History and Religion

History and Religion

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History and Religion

HIST 392 Take-Home Final
The Conservative Movement: For God and Country



While the 1960s may be the decade of long hair and free love, the late 1970s
and early 80s are the years of the conservative uprising. While decidedly less sexy,
conservatism was no less important and remains an integral part of the American
political landscape today. Ultimately, the movement was a backlash to the 1960s
counterculture, and a voice for a return to a moral America. It represented two
distinct patterns of American society: the political – embodied by the liberalization
policies and soothing tones of Ronald Reagan – and the religious, which was
represented by the rise of Jerry Falwell, Pat Robertson, and the fusion of church and
state. The strength of the conservative movement may have ebbed and flowed
during the last several election cycles, but its powerful impact on American politics
from the last thirty years to today is undeniable.



While the New Right largely faded as a movement into the 1970s, there
emerged a New Right. Many believe Barry Goldwater was the pioneering figure of
the conservative movement: the first real representation of the New Right at the
presidential level. However, his future as the movement’s leader was short lived,
and Lyndon Johnson handled him easily during the election.
1 Jimmy Carter, although
a Democrat, was also a significant part of the movement; he wore the passion of his
faith on his sleeve, which helped unite religious groups under politics.2 Politically,

1 Jundt Lecture, November 4, 2009
2 Jundt Lecture, November 4, 2009
however, we see economic issues sway the shift to conservatism. Republicans had
lacked a vision in the early 1970s and were traditionally associated with the
wealthy, struggling to appeal to poorer voter.
3 In the latter half of the decade,
however, they began to represent more clearly defined fiscal policies, especially
within their anti-tax legislature; inflation was hurting the country and rising
property taxes angered many. Reagan’s proposed deregulation of industry was seen
as an extension of personal freedom, which also appealed to people. There was also
a civil rights backlash, and sympathy for the increasing rights and status of minority
groups fell as whites’ own status fell. Reagan therefore drew much support from so
called “Reagan Democrats” were blue collar, lower-middle class, white voters who
were beginning to shift their vote to the Republican Party.4 His re-commitment to
anti-communism and free trade ideals resonated strongly across America; citizens
agreed with Reagan’s idea that the spread of communism must be stopped, and aid
should be provided to countries in order to garner support. In short, Reagan’s
economic policy represented a backlash of Democratic policy and the
counterculture movement, and resonated loudly across political lines.
Another important aspect to the rise of the conservative right was the rise of
the evangelicals. By 2008, this group represented 25% of the electorate, and
represents the key Republican base.5 The central issue for evangelicals is morality,
and their political impact can largely be based on the threat to their culture that they
perceive. During the late 1970s, evangelicals felt threatened due to increasing

3 ibid
4 Sugrue, “Detroit and Postindustrial America” 267
5 Jundt Lecture, December 2, 2009
North-South migration and permeation of Northern, secular culture into their own.
After Roe v. Wade legalized abortion, the movement began to seriously get political.
Jerry Falwell took action by creating Moral Majority.6 While activist students had
used campuses as springboards during the counterculture movement, Falwell
focused spreading his word through churches. Sunday Mass was no longer just a
time of worship; it became a political opportunity to rally millions of like-minded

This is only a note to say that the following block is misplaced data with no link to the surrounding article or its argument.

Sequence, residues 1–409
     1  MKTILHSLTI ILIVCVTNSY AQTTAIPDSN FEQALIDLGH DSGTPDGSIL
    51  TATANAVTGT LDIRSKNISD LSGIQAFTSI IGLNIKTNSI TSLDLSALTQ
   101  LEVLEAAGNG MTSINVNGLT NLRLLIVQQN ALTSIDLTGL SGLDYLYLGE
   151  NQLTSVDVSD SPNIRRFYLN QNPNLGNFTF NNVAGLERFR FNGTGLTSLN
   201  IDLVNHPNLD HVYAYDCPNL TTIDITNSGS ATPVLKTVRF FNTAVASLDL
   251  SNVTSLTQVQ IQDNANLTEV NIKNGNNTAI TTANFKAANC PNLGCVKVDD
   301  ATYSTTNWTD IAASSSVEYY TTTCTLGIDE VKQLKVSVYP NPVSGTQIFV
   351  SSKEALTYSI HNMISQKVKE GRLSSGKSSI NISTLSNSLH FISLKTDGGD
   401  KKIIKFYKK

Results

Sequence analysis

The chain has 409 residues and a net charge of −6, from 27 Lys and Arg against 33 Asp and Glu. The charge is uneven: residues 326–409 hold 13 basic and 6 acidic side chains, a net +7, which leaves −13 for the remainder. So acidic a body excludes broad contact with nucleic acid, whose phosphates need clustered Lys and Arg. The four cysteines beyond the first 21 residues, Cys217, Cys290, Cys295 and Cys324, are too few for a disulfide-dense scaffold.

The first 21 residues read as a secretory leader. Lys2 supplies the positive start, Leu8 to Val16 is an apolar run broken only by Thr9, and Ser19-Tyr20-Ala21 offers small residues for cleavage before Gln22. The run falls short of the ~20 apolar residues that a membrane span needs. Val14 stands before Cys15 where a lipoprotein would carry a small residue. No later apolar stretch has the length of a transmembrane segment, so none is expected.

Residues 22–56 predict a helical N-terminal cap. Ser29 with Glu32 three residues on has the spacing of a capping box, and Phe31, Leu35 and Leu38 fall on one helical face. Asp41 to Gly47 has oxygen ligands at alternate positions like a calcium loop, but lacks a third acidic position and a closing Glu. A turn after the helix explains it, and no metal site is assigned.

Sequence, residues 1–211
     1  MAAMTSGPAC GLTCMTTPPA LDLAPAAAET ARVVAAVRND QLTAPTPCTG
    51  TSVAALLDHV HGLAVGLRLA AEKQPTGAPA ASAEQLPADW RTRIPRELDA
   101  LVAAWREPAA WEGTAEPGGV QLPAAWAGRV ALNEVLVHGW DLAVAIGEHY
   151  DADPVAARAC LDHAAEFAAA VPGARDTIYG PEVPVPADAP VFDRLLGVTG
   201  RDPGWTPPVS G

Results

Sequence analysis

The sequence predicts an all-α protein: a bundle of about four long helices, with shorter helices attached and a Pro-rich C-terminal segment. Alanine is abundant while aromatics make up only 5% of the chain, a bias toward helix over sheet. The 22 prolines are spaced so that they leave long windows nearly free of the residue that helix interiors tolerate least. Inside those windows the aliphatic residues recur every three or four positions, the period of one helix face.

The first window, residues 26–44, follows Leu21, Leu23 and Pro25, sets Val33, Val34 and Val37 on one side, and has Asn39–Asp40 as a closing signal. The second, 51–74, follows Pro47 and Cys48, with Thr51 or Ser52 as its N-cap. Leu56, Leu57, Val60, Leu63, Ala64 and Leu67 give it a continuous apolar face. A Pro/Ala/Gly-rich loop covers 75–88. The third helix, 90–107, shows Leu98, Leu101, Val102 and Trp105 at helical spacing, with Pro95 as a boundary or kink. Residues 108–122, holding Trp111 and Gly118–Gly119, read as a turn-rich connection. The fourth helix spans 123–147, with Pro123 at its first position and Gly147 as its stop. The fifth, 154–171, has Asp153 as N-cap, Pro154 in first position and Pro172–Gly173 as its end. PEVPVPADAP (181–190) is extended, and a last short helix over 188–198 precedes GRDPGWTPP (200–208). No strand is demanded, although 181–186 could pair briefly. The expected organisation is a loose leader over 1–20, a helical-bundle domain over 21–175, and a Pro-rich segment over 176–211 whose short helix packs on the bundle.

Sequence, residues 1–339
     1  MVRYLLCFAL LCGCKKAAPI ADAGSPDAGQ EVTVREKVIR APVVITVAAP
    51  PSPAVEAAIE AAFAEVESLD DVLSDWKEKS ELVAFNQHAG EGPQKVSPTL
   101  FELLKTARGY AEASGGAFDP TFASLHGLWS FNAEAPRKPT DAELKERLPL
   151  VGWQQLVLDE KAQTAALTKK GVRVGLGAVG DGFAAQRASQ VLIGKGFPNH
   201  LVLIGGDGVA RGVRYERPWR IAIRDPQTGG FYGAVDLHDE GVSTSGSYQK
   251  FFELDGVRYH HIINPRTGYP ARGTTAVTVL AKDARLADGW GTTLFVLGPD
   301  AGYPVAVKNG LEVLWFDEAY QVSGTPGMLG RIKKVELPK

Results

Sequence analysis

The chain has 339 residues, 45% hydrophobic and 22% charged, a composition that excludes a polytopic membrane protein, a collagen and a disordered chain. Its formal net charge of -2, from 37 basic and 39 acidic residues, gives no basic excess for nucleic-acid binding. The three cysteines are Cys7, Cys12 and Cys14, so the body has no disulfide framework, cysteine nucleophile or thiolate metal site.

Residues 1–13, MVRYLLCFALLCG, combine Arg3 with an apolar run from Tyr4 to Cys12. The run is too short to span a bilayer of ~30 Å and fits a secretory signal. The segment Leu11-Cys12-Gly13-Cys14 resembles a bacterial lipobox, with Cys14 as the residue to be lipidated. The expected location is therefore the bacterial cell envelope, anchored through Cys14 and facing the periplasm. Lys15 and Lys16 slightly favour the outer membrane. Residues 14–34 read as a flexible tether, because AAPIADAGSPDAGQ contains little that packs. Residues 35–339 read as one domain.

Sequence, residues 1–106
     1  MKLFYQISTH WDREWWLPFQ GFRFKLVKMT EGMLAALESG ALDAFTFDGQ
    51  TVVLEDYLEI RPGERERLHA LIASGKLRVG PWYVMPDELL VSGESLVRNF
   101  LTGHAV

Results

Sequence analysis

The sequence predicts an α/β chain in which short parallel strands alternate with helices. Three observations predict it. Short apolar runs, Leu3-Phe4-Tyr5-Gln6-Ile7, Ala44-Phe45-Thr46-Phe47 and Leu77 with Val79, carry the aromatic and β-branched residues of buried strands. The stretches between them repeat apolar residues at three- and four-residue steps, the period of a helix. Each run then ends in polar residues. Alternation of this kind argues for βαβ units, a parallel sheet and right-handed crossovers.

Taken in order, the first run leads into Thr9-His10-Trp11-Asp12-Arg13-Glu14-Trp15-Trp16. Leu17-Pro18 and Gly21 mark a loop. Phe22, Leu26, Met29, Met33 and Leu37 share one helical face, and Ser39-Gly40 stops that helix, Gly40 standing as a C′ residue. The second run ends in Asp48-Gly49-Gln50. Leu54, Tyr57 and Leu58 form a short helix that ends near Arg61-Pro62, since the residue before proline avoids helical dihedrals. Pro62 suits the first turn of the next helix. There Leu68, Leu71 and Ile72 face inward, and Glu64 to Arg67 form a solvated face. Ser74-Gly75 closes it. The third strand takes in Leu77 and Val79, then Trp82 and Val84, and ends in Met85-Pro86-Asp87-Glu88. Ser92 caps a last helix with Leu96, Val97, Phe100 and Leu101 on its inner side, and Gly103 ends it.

Americans into politics. An evangelist now carries to the polls the same morality
that is inscribed in the churches teachings: the sin of abortion, homosexuality, and a
set of morals based on their shared history of feared federal oppression. A true
evangelist cannot morally vote for a politician who supports abortion. There is no
longer any middle ground. By intertwining religion with political activity,
evangelicals have intertwined the voice of God and the voices of American
conservative politicians.
During the 1980 Presidential election, Moral Majority threw its full weight
behind the campaigns of Ronald Reagan, and afterwards Falwell confidently
declared that the mobilization of the Christian right was responsible for his victory.
Evangelicals’ moral rhetoric was softened in the later years of Reagan’s rule, as
many now found confidence in their nation’s moral path. Moral Majority gradually
dissolved, but was replaced by the Christian Coalition, led by Pat Robertson and a
young, charismatic born-again named Ralph Reed.7 Reed quickly strengthened the
organization by relying on a strategy of “bottom-up” support of community-level

6 Jundt Lecture, November 4, 2009
7 Jundt Lecture, November 4, 2009
activism, much like the Southern Christian Leadership Conference of the Civil Rights
movements, and focused on using emerging communication technology like email to
spread their message. Specifically, Reed focused on schoolchildren, fighting to keep
religious symbols in schools as part of the Republican’s Contract with America.
Robertson and Reed have since largely faded from the political scene, but their
community-based philosophies have allowed the evangelical movement to grow
even stronger. In 2004, after George W. Bush was elected to a second term, Falwell
once again boasted accurately that the evangelicals had won the election for him.
The rise of the conservative right in the last thirty years has had serious
consequences for America. In past years, many voters were able to distinguish
themselves as independent, and voted on issues that were important to them. The
conservative right, especially within its religious faction, have polarized the debate.
It is no longer acceptable for a “true” evangelical to vote for a Democrat, and most
left-leaning Democrats would not dream of voting for a self-professed conservative
like Sarah Palin. This polarization has been exacerbated by the media, and has
created an environment where personalities and idealism often transcend politics.
McConomy: The Effect of the Corporation on American Society
Perhaps nothing has defined the evolution of modern society like the growth
of the corporation. The dynamics and economic climate in America that enabled the
corporation has spread to the rest of the world with globalization. Changing
domestic industrial patterns within America expanded corporate influence, while
transportation and communications technology allowed it to expand the world over.
However, much like the New Right was a reaction to the counterculture movement,
corporate backlash is also now an integral part of American society, reflected
through environmental and development movements.